I usually take it to the dealer for service or have my Sons help me because they do understand some of this new fangled stuff. Hell, I would even take it to have the oil changed if they didn't help me with it. :eek:

    Give me a carburetor, distributor, and no electronics and I can figure it out.

    Don
     
  10. Not exactly. When these cars were new, ALL the service stations knew how to work on these cars. So no problem for anyone buying these cars, as servicing was no problem.

    Now, no one knows how to work on the older stuff, so, problem.

    Cosmo
     
  11. 49ratfink
    Joined: Feb 8, 2004
    Posts: 17,510

    49ratfink
    Member
    from California

    people can't learn to be mechanicaly inclined, either you are, or you are not. you can learn to do something through training and repetition, but anything outside the box will baffle those without natural mechanical ability.

    I was in elevator construction for a few years. there were people there building elevators who did not even have a screwdriver in the kitchen drawer. they did nothing mechanical at all in thier personal lives. thier favorite tool was thier phone, so they could call whatever guy it was they needed to fix what was broke at home.

    I worked with journeymen who would look at some out of the box thing we needed to do and just be baffled, when the solution was sitting right in front of thier face. saw it over and over again. no natural mechanical ability but they could do the job because you did basically the same thing over and over.

    some folks have it, some don't. shouldn't be a requirement for owning an old car.
     
    Last edited: May 2, 2012
  12. shakeydad
    Joined: Apr 7, 2012
    Posts: 9

    shakeydad
    Member

    I have a neuromuscular disease that prevents me from doing most work on my truck.I have to take it to a shop for almost everything but there is no way in hell I'd trade my old truck for something newer.I'd rather see guys or girls for that matter buying old,cool shit then driving a prius around.I don't know anybody that drives a new car that can work on it.Tools and diagnostic equipment are far too expensive
     
  13. Mr48chev
    Joined: Dec 28, 2007
    Posts: 26,101

    Mr48chev
    ALLIANCE MEMBER

    I think he nailed it perfectly right there. Everyone has his/her abilities. I can't carry a tune in a bucket but that doesn't mean that I don't like to listen to good music. On the same token I expect my doctor to be able to figure out what is wrong with me if I don't feel good or get hurt and get that taken care of but I don't expect her to work on her own car.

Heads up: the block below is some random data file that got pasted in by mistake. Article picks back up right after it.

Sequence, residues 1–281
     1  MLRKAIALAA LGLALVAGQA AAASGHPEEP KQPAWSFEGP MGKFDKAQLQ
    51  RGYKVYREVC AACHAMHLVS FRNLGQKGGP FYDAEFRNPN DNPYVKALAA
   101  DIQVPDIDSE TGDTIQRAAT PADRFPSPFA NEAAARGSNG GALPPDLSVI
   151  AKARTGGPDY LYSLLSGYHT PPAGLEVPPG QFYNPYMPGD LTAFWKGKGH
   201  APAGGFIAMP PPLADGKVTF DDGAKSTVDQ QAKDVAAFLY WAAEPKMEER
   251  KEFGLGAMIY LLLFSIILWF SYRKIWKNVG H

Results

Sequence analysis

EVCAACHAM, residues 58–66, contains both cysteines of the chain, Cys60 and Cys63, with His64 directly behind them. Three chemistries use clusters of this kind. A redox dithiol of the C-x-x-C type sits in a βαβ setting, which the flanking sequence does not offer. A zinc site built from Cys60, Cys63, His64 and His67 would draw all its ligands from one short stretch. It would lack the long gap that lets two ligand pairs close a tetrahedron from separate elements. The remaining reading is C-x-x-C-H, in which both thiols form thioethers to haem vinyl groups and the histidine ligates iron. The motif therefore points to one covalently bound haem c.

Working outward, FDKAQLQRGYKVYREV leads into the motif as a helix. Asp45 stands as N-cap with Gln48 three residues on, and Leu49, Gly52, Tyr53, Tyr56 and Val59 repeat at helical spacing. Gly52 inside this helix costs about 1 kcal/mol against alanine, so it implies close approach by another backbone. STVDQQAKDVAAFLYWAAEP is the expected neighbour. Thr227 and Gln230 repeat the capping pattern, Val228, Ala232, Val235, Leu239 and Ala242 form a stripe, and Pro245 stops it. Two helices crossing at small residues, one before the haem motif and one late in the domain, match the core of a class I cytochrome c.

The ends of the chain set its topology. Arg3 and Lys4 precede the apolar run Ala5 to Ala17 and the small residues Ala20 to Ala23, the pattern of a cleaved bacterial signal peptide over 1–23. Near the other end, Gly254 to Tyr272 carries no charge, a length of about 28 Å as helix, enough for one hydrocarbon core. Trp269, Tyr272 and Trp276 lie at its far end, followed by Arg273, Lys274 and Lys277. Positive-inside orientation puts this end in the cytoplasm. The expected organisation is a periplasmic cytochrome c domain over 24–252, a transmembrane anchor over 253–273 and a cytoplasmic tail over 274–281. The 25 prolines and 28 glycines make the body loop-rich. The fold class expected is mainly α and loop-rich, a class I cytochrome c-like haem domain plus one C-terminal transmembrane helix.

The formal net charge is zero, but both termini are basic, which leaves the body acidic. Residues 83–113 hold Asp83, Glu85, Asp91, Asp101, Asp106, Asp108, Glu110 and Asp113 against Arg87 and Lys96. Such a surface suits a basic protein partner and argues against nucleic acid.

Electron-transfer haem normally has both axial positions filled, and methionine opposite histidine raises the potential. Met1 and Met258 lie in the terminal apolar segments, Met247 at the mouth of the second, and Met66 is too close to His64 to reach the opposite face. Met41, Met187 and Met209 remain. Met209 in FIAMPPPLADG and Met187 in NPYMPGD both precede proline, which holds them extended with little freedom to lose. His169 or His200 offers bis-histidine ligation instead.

I've never seen it in writing or said except for a certain cadre of snobs on the internet and at rod trots that you shouldn't be allowed to own a hot rod or custom if you didn't or can't build it yourself and don't maintain it yourself.

    We have a number of rod shop owners/ workers on here who turn out some of the best rods and customs anywhere for their paying customers They wouldn't stay in business if they didn't have paying customers who want rods or customs built or redone.
    We also have a number of members who turn out parts and pieces for our rods and having said parts and pieces on our rods is a badge of honor and we don't get slammed for not building the same pieces. You can pretty well assemble a car in your home garage that was built almost completely with parts and pieces made and sold by various Hambers in their shops around the country.

    And yes several of do seem to teach a section of HAMB hot rodding 101 the basics on a regular basis. That may be partially due to the simple fact that auto mechanics classes have been few and far between in the past 20 years in the high school setting and seem to get cut on a regular basis around the country as school administrators and school boards for some reason don't think students should be learning how to work with their hands anymore.
     
  14. jack orchard
    Joined: Aug 20, 2011
    Posts: 238

    jack orchard
    Member

    If you only work on stuff you are comfortable with, you will learn very little. As you get out of your comfort area, and do the proper research, you will accomplish tasks that you never dreamed you could . You will then feel the intense pride and satisfaction of a job well done. Even if nowbody knows or cares what you just did, you will know, and that's all that matters. After that, you will have the confidence in yourself to learn more and try other more complex projects. Don't limit yourself- have confidence in yourself. Of course, you will break a few things, just try to keep them to a minimum and work safely. You will learn a lot. After a short time, you will be so smart- i will be asking for your opinions a variety of subjects. best of luck to all...jack
     
    Last edited: May 2, 2012
  15. junkyardjeff
    Joined: Jul 23, 2005
    Posts: 7,257

    junkyardjeff
    Member